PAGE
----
I look around me a the rather large hills that I climb each day. Some times I run up them and stand at the top with my arms raised.  Other times I pull myself up by sheer will power.

Other days I don’t quite make it to any of the tops of those hills.

And then I look back up that mountain.

I am so small.

I am just one person.

The internet is not my job. It’s not even my full-time hobby or passion.

Over the past six+ years, I have accumulated a small audience. A community I love. People out there who support my writing and push me forward in this thing called life with love and words.

But we are a small speck of the internet.

I’ve always been Ok with that because it’s never been my intent to leave teaching for writing. It’s never been my dream or goal to write a book. I have no intention of leaving this space behind, but I don’t have any plans to make a drastic life change either. I love to teach.

Let me say it again: I love to teach.

The Common Core is not my passion; teaching students is my passion.

I have a lot…a LOT…I could say in response to the outrage and rants out there on the internet by people who are not currently in education and who are basing their opinion of the Common Core on implementation strategies and procedures they are seeing in their schools or have “heard about”.

But the internet–and all those looking for a scandal and another reason to hate public schools–are not going to listen to me, a small blogger who happens to be a teacher.

No one cares about my credentials (over a decade of teaching experience, BA in English, MA with an emphasis on teaching English, member of the National Writing Project via the Third Coast Writing Project, member of the National Council of Teachers of English, high school English teacher, and adjunct English instructor at our local community college).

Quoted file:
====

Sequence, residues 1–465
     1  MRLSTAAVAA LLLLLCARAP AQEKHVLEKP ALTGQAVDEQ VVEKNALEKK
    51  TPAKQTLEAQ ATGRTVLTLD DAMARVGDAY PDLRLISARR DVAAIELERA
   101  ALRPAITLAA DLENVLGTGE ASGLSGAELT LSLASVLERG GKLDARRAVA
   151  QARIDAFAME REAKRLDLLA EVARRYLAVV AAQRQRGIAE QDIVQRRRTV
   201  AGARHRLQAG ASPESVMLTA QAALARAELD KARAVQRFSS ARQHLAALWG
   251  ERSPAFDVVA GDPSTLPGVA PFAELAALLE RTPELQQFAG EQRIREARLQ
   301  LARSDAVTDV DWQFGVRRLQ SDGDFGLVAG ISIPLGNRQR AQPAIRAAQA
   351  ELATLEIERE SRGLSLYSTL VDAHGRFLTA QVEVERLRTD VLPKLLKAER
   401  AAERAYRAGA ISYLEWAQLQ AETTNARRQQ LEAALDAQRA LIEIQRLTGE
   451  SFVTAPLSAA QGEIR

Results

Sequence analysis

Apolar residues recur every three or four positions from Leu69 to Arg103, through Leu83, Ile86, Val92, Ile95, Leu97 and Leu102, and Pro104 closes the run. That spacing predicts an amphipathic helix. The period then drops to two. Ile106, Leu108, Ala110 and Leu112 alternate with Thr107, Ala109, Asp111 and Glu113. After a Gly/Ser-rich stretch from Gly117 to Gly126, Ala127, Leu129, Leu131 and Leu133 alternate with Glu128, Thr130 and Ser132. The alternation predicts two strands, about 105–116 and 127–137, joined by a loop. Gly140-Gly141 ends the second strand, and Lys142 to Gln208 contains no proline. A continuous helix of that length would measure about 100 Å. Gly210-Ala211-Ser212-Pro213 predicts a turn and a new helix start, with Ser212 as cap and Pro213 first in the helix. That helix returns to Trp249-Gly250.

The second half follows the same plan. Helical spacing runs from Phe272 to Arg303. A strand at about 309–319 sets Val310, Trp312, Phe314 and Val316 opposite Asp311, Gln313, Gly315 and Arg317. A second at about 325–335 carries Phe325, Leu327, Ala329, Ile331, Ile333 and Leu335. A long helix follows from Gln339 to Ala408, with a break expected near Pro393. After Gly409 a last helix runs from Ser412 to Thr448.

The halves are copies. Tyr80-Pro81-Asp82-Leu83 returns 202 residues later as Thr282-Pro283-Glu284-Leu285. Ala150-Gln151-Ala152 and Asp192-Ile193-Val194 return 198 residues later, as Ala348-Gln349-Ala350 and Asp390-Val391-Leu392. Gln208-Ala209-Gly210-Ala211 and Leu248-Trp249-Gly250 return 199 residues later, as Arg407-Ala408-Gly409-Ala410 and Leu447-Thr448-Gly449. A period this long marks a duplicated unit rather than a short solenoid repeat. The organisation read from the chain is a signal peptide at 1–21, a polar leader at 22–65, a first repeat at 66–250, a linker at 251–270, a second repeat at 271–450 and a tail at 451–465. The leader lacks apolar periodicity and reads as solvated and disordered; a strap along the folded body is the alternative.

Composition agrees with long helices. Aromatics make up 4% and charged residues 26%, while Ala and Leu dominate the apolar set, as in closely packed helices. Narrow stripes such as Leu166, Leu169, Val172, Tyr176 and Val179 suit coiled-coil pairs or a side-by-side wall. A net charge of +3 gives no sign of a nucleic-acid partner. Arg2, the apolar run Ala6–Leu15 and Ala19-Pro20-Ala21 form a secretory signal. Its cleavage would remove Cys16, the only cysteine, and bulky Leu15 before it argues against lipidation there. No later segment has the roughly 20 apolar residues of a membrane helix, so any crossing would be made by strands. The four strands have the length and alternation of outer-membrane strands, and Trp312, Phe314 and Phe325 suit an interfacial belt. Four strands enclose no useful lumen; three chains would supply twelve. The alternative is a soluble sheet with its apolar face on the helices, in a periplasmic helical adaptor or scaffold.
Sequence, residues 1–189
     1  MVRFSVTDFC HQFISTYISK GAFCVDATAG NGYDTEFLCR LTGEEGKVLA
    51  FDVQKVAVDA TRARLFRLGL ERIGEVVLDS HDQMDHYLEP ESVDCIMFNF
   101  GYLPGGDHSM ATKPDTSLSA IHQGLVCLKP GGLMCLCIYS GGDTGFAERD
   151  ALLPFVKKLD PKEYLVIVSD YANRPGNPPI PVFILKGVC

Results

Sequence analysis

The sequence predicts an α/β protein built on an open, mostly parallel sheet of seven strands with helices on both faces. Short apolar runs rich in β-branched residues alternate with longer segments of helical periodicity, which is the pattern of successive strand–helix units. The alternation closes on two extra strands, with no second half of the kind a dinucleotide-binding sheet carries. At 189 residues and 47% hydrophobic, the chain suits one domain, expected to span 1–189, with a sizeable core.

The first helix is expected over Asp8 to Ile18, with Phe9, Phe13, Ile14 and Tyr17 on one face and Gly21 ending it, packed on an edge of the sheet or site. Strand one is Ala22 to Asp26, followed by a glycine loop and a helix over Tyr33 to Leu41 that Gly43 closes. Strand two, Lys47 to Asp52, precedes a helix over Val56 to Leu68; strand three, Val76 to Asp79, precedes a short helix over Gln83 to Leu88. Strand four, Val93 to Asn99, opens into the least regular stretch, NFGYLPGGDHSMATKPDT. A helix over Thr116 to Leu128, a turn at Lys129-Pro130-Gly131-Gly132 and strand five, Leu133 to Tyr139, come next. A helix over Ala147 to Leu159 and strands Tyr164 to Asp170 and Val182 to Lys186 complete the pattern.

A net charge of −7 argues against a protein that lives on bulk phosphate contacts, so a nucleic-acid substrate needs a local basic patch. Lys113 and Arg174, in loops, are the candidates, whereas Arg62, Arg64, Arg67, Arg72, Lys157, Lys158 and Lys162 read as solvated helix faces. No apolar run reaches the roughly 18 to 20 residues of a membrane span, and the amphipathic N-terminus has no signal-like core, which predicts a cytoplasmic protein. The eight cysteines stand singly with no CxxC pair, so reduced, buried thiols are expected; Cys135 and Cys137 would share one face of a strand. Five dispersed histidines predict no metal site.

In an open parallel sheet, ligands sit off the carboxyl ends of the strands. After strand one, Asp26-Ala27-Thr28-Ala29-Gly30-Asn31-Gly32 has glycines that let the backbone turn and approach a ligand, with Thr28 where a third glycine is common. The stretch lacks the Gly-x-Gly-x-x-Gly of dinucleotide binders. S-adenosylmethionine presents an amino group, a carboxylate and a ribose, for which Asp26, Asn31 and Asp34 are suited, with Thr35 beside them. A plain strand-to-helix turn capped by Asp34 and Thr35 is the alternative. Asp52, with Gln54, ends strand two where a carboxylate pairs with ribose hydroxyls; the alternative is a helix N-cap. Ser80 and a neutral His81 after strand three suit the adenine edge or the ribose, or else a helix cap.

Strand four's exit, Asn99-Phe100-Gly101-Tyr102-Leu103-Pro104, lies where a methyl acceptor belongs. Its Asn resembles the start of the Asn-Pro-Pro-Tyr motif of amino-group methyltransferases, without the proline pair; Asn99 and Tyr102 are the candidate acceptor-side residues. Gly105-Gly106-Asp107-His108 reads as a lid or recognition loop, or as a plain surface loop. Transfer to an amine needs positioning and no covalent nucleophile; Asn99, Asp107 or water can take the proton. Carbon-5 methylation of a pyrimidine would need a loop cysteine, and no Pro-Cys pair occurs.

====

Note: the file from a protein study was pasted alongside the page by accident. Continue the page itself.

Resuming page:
The fact is I am not going to write the next viral post on education.

Because posts that tell people about the good stuff that is going on due to a government-mandated change rarely go viral. Those posts get ten or so pat-on-the-back comments from people who already read that blog (which I love, by the way) and then the internet moves on to what it can be outraged about next.

If I could, I would take the internet into my district, into my school, and into my classroom. I would show you my students and their writing. I would introduce you to the families and the community.  I would let you see our brutal reality, but show you how we do such SUCH positive things every single day while following the Common Core. I would invite you to a department meeting, a staff meeting, a student meeting.

Shoot, forget about the Common Core. I don’t even care about it. What I care about is public education. I care about changing the perspective. I care about fixing the system.

I care about teaching kids. I care about making their future better.

I could climb that mountain and I could get to the top and I could be loud and proud up there.

But it’s just a big mountain.

And I’m so small.

So I will turn away from that mountain and leave it for another day.  Although, as my man Robert Frost said in a poem that is sort of famous, I know how “way leads on to way” and that I will probably  never come back.

I’d look good on top of that mountain.  I would.

But I can’t abandon the hills for the cause–or pride- of climbing a mountain.

*************

On a totally different note, my friend Jennifer P. Williams is at the tail end of her 31 days of cookies series and yesterday she posted a recipe I sent her for Chocolate Chip Meringue Cookies.